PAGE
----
The Prairie Traveler by Randolph Barnes Marcy, Captain, U.S.A.


XIV.--Wagon-road from San Antonio, Texas,
to El Paso, N. M., and Fort Yuma, Cal.

           [Distances in miles and hundredths of a mile.]


         San Antonio to
  6.41.  Leona.
 18.12.  Castroville.
 11.00.  Hondo.
 14.28.  Rio Seco.
 12.50.  Sabinal.
 13.46.  Rio Frio.
 15.12.  Nueces.
 10.27.  Turkey Creek.
 15.33.  Elm Creek.-All good camps, with abundance of wood,
           water, and grass. Country mostly settled, and the road
           very good, except in wet weather, from San Antonio to
           Elm Creek.
  7.00.  Fort Clarke.-Good grass, wood, and water. Road level
           and good.
  7.00.  Piedra Pinta.-Good grass, wood, and water.
  8.86.  Maverick's Creek.-Good grass, wood, and water.
 12.61.  San Felipe.-Good grass, wood, and water.
 l0.22.  Devil's River.-First crossing. Good wood, water, and
 18.27.  California Springs.-Grass and water poor.
 18.39.  Devil's River.-Second crossing. Grass poor.
 19.50.  Devil's River.-Good camp. The only water between
         Devil's River and Live Oak Creek is at Howard's Springs.
         The road is very rough in places.
 44.00.  Howard's Springs.-Grass scarce; water plenty in
           winter; wood plenty.
 30.44.  Live Oak Creek.-Good water and grass. The road passes
           within 1 1/2 miles of Fort Lancaster.
  7.29.  Crossing of Pecos River.--Bad water and bad camp.
           The water of the Pecos can be used.
  5.47.  Las Moras.--Good water, grass, and wood. The road is
           rough on the Pecos.
 32.85.  Camp on the Pecos River.--Wood and grass scarce.
 16.26.  Escondido Creek.--At the crossing. Water good; little
           grass or wood.
  8.76.  Escondido Spring.--Grass and water good; little grass.
 19.40.  Comanche Creek.--Grass and water good; little grass.
  8.88.  Leon Springs.--Grass and water good; no wood.
 33.86.  Barela Spring.--Grass and water good; wood plenty.
 28.00.  Fort Davis.--Good camp. From Fort Davis to Eagle Springs
           there is an ascent, and one of the very best of roads.
 18.42.  Barrel Springs.--Water good; grass and wood fair.
 13.58.  Dead Man's Hole.--Good wood and water; grass scarce.
 32.83.  Van Horne's Wells.--No grass or wood, but they will be
           found two miles back.
 19.74.  Eagle Springs.--Grass and wood poor; water about half a
           mile from camp, in a narrow canon.
 32.03.  Mouth of Canon "de los Camenos."--The road is rather
           rough. From here to Fort Bliss, opposite El Paso, the
           road runs near the river, and camps may be made any
           where. The wood, water, and grass are good at all
 61.13.  San Eluzario.--Mexican town.
  9.25.  Socorro.--Mexican town.
 15.00.  Fort Bliss, at El Paso.--United States military post and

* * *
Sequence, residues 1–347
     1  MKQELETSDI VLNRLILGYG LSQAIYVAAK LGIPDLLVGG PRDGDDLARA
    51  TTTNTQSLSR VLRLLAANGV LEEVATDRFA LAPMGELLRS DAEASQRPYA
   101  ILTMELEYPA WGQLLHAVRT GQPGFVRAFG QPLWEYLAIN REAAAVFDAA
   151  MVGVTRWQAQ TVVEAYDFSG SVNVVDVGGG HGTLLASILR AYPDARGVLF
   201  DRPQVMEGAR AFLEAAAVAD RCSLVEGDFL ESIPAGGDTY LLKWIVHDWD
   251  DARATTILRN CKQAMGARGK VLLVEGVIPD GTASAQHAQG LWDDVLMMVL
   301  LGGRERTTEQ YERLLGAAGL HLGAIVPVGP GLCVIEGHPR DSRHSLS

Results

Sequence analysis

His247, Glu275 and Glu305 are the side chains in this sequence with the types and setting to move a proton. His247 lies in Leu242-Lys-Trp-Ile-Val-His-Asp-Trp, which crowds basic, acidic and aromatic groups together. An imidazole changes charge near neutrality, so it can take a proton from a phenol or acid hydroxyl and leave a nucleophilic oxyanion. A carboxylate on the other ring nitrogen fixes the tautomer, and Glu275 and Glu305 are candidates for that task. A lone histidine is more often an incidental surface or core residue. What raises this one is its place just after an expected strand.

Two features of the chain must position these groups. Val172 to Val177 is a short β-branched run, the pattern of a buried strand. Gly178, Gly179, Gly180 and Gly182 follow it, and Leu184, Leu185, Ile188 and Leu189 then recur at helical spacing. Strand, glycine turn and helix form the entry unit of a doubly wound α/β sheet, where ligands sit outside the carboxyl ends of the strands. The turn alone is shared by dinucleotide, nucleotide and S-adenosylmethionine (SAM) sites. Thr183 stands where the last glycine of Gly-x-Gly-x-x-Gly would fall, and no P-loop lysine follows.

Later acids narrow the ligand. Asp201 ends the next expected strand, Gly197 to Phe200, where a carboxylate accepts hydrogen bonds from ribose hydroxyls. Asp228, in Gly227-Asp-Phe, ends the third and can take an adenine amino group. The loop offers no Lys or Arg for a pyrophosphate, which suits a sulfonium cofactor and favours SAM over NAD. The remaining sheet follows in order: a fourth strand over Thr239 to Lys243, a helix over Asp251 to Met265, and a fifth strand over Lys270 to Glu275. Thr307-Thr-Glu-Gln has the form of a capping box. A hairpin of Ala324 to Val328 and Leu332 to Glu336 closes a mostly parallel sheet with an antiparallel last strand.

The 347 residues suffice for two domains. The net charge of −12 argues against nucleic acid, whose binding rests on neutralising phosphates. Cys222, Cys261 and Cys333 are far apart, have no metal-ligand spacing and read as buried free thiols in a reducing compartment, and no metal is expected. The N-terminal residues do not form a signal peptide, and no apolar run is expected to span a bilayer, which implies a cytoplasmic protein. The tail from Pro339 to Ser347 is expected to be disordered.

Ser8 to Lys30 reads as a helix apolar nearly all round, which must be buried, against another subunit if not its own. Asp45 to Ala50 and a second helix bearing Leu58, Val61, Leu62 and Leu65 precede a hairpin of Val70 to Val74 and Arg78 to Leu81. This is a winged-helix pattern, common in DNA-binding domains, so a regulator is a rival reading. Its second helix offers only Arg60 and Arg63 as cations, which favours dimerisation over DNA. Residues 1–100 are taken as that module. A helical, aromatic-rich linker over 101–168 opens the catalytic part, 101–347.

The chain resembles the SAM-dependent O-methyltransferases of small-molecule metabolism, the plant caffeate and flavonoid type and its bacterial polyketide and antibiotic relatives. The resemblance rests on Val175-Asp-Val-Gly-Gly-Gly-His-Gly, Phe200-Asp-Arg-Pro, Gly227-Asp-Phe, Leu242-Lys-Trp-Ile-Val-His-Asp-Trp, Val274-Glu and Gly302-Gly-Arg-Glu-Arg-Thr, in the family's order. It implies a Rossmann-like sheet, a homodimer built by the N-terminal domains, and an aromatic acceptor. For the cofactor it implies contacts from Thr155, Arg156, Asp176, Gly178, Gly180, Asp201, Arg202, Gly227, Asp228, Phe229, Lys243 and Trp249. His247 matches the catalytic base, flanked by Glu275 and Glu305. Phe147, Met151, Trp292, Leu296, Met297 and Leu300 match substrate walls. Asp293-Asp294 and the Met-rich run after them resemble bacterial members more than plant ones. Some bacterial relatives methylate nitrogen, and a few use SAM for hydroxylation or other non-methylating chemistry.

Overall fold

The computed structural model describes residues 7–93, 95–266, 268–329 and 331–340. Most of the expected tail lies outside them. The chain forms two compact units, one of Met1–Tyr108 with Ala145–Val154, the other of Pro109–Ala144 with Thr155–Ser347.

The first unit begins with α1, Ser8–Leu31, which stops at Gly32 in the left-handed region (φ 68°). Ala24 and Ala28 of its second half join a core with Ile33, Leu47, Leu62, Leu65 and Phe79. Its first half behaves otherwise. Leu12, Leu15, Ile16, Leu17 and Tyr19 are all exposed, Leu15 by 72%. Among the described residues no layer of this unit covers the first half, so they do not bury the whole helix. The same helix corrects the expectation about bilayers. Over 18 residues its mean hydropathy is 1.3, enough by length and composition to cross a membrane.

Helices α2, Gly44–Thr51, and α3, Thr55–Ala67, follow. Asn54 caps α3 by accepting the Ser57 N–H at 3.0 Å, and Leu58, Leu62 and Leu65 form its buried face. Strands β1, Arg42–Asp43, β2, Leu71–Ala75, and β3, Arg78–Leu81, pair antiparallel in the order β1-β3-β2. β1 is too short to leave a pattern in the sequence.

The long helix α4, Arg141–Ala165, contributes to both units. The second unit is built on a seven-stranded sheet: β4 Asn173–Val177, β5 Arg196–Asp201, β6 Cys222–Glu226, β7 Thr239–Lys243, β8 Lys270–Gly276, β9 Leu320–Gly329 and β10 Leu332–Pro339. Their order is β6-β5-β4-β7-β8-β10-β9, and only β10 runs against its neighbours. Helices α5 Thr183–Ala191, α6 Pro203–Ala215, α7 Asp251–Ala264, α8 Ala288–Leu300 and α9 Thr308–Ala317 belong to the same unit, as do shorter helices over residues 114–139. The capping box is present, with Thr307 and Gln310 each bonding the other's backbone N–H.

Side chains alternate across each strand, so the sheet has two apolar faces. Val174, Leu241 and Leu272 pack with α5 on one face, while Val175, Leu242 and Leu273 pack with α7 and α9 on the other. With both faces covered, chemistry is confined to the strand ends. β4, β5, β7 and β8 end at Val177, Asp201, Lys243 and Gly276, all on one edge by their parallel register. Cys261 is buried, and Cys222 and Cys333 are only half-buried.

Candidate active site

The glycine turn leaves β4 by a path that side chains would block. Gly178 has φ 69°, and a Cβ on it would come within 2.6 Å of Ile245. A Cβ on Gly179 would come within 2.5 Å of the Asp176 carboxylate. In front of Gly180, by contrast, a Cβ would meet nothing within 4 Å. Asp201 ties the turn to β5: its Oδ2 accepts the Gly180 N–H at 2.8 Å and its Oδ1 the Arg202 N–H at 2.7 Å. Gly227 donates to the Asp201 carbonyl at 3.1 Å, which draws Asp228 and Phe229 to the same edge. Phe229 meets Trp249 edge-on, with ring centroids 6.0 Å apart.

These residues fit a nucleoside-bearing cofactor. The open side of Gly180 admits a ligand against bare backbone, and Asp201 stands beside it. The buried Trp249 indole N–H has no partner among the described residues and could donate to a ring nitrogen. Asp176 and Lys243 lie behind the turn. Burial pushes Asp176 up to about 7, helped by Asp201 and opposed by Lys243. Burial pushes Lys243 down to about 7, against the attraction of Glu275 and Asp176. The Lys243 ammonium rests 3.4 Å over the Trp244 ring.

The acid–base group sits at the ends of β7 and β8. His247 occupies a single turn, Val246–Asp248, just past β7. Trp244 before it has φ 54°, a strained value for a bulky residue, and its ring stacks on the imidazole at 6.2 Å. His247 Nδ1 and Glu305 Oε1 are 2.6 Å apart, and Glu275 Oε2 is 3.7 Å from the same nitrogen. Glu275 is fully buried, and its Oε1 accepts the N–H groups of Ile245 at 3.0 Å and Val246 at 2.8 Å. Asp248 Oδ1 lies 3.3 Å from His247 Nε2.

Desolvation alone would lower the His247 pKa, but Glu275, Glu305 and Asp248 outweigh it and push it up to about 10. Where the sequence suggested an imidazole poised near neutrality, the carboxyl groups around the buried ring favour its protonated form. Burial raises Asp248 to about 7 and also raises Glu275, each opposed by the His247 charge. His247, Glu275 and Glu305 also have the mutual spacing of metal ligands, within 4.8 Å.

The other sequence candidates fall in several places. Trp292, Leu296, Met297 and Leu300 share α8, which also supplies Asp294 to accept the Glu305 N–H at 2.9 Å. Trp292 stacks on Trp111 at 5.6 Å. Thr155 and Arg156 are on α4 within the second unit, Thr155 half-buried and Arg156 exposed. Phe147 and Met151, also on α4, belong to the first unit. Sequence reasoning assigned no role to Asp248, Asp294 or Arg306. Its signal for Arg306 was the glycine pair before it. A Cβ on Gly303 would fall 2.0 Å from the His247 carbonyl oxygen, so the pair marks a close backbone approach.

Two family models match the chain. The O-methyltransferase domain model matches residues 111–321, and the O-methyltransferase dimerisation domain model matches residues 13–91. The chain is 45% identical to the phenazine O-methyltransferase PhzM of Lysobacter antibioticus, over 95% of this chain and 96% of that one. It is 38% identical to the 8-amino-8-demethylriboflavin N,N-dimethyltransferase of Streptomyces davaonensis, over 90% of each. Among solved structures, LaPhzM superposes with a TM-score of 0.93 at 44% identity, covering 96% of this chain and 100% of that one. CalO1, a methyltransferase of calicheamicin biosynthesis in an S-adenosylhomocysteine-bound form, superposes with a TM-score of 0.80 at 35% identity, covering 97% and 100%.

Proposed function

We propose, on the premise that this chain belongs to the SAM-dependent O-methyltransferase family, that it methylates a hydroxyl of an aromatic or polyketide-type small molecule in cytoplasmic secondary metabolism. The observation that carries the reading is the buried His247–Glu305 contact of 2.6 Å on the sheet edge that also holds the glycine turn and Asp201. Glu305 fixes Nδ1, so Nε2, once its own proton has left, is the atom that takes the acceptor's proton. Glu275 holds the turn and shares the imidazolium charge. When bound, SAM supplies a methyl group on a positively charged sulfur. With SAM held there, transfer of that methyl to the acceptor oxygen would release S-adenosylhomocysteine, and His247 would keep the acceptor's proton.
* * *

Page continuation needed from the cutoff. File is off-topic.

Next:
Mexican town.
 Total distance from San Antonio to El Paso, 654.27 miles.
         El Paso to
 22.     Cottonwood.--From El Paso to Messilla Valley in the
           Gadsden Purchase, the road runs up the east bank of
           the Rio Grande to Fort Fillmore (N. M.), where it
           crosses the river into the Messilla Valley.
 22.     Fort Fillmore.
  6.     La Messilla.
 65.     Cook's Spring.--From Messilla Valley to Tucson the road
           is remarkably good, with good grass and water. The
           streams on this section are the Mimbres and San Pedro,
           both fordable, and crossed with little trouble. The
           Apache Indians are generally met with in this country.
           There is a flouring-mill two miles below El Paso,
           where flour can be purchased at very reasonable
 18.     Rio Mimbres.
 17.     Ojo la Vaca.
 10.     Ojo de Ynez.
 34.     Peloncilla.
 18.     San Domingo.
 23.     Apache Springs.
  9.     Cabesas Springs.
 26.     Dragon Springs.
 18.     Quercos Canon.--Bunch-grass will be found sufficient for
           traveling purposes along this section of the road
           between El Paso and Tucson.
  6.     San Pedro Crossing.
 20.     Cienega.
 13.     Cienega Creek.
 20.     Mission of San Xavier.
  8.     Tucson.--Total distance from El Paso to Tucson, 305
  5.     Pico Chico Mountain.
 35.     First Camp on Gila River.
 29.     Maricopa Wells.--The Maricopa Wells are at the western
           extremity of a fertile valley occupied by Pincos
           Indians, who cultivate corn and other grain.
 40.     Tezotal.--Across Jornada. There is but little grass
           here, but in the season the mesquite leaves are a good
 10.     Ten Mile Camp.
 15.     Oatman's Flat.--First crossing of the Gila River.
 25.     Second Crossing of the Gila.--The traveler can generally
           find sufficient grass in the hills along the valley of
           the Gila.
 32.     Peterman's Station.
 20.     Antelope Peak.
 24.     Little Corral.
 16.     Fort Yuma.
 The distance from El Paso to Fort Yuma is 644 miles.

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